6 Years Sober, 3 Years Happy...

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I have written this post 100 times and 100 different ways, only to delete it each time. Where to start with such a title and topic? How about with the truth? To be completely honest, this post is more difficult to write than I thought it was going to be.

No one grows up aspiring to become an addict. Can you imagine career day in 6th grade standing up front of your class, aspiring for a rehab center? But life happens... Even though I am no longer drowning in the despair of addiction, I know people who are. Maybe that is why this post is so difficult to write... 

There is no pretty way to dress up addiction, it is ugly and awful to walk through. And sometimes it is even more ugly and awful to be the one watching someone walk through it. BUT I do know there is hope even for the most hopeless cases. I have seen with my own eyes addicts on the brink of death come back to life--to live full, beautiful and meaningful lives... 

A bit more of my story, I actually didn’t think I was an alcoholic. Shocking, I know! Can you believe an alcoholic/addict that doesn’t know or ‘think’ they have a problem?

For the sake of transparency—I was actually a “serial—medicator”. My ‘drug’ of choice when I hit bottom was alcohol, but it could have just as easily been a laundry list of other issues/substances: prescription drugs, food, spending, work, etc...

The list of “medicators” or vices to use goes on and on. 

I remember saying to a friend, "There is no way I am an alcoholic! I am not a homeless, toothless drunk, living in the gutter. And I still have my watch!" Apparently all the drunks I knew at that time didn't have watches. Good God forgive me for my judgmental ways.

That was MY definition of an alcoholic, until I embraced my own issue I had with this liquid addiction. Some addictions are well hidden from the public. But the consequences of addiction run deep in all our families... 

At times it seems like some addicts are more together than some sober people, and that adds confusion for many people. "Don’t judge a book by it’s cover,” are really wise words to apply to life. I once heard a woman say, "Don't compare someone else’s outside appearance to your insides.” Despite what Facebook tells us, everyone struggles with something. We all bleed red. My struggle may look different than yours, but I have been around the block enough to know, that we all struggle with something. There is no shame in struggling, despite what the 'demons' in our head tell us. It's how we handle that struggle that makes all the difference.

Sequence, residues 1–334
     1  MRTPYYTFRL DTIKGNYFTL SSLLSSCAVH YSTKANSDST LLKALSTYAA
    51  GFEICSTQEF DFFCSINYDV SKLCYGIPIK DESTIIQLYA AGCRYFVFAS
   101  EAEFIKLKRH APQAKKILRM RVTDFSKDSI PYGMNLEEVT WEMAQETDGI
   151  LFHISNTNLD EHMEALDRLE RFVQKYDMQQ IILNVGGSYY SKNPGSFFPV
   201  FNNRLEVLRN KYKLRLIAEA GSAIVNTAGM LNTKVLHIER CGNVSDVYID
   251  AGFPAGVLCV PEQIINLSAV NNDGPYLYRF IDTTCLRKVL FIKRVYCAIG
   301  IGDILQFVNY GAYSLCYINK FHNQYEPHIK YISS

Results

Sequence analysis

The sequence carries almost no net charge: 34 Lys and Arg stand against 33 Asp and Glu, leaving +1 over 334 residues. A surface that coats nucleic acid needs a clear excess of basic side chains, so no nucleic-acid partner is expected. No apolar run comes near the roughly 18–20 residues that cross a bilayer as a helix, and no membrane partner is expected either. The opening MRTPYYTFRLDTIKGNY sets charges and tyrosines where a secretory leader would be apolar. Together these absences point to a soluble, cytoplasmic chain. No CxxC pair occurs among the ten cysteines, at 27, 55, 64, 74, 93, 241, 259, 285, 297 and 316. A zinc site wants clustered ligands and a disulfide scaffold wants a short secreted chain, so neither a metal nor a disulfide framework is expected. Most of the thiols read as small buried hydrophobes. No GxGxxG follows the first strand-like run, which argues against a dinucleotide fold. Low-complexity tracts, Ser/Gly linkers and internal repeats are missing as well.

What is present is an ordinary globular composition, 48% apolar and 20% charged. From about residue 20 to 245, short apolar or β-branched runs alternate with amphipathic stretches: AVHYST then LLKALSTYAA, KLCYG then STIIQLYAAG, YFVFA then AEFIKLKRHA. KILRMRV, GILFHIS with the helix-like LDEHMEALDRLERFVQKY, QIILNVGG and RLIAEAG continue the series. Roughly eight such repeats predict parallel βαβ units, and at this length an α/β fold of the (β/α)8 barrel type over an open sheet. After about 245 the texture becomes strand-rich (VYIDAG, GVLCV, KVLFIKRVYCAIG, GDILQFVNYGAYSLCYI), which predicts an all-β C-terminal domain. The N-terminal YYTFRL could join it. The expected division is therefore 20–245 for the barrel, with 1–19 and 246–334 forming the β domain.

This title “6 years sober, 3 years happy” has been brewing in my heart and mind for over a year. I am actually 7 years sober—2558 days to be exact, by the grace of God. But who is counting anyway? I am! I take my sobriety very serious. It's probably one of the most important accomplishments of my life. Getting and staying sober has changed the trajectory of my life. And my family’s life as well... 

In the final days of my drinking, life had become too heavy and too much and just too overwhelming in every way… hitting bottom is never pretty. 

However, 7 grateful years later I realize hitting my bottom was a gift, even though it certainly did NOT feel like it at the time. It felt like death but I was still breathing. 

Whether you believe that addiction is a self inflicted disease, or a hereditary disease, there is no denying it is a disease. Or better described as a “dis-ease” inside.  I had this constant nagging emptiness, that was emotional pain, shame, regret, disappointment, etc...and I was easily triggered. I have been told it was like walking on egg shells for those around me... I was a walking landmine loaded with reactionary emotions.

There is no magic pill that heals addiction. If there was, trust me, I would have taken the whole bottle. It’s good to add a little addict humor to a heavy subject, right? Addiction is no laughing matter, but we can't lose our ability for joy through the process. Life is too short not to laugh our way through it...